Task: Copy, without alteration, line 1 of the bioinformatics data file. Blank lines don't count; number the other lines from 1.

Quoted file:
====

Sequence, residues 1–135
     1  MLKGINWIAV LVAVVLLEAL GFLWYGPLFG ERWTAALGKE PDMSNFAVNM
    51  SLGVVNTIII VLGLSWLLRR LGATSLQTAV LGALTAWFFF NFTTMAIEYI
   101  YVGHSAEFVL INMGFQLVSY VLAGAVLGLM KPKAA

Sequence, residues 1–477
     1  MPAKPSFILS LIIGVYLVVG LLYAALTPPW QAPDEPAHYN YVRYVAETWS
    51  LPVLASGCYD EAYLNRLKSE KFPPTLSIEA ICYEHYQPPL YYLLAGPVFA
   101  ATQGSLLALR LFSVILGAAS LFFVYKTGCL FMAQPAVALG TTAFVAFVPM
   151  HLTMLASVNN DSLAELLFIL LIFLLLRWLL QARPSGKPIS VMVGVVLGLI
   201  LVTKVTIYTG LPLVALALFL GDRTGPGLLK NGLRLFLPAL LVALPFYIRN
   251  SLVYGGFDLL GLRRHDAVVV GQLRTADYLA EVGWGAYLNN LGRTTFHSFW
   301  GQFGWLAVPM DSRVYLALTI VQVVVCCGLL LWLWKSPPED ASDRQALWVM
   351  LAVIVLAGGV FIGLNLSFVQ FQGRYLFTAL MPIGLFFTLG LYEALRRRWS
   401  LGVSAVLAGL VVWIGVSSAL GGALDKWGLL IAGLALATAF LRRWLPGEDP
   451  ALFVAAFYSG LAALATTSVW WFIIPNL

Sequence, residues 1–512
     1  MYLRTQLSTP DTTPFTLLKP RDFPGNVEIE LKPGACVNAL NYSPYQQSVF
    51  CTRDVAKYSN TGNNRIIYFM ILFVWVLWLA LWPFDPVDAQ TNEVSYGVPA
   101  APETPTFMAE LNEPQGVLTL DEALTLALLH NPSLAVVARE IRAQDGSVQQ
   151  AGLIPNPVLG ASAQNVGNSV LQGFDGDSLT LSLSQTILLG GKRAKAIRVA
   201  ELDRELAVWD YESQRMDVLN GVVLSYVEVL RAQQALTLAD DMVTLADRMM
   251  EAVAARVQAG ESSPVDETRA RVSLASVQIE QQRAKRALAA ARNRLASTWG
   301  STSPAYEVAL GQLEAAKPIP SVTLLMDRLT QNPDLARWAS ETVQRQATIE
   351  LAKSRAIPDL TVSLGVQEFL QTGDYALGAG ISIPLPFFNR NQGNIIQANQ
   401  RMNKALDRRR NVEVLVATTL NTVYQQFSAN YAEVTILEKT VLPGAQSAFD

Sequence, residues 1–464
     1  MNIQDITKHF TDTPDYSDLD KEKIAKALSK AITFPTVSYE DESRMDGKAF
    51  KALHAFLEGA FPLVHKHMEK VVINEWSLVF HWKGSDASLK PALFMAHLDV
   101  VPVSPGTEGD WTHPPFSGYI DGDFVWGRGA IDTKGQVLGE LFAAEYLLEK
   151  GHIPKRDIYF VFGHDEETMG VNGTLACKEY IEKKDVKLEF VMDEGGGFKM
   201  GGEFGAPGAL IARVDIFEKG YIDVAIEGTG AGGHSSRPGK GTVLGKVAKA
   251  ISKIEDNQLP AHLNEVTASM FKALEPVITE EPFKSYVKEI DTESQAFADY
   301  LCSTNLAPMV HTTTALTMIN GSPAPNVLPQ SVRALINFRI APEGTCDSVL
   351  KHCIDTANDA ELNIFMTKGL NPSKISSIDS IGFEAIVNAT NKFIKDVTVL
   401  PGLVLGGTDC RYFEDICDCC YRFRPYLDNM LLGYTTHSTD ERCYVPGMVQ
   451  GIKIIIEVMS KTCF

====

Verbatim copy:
Sequence, residues 1–135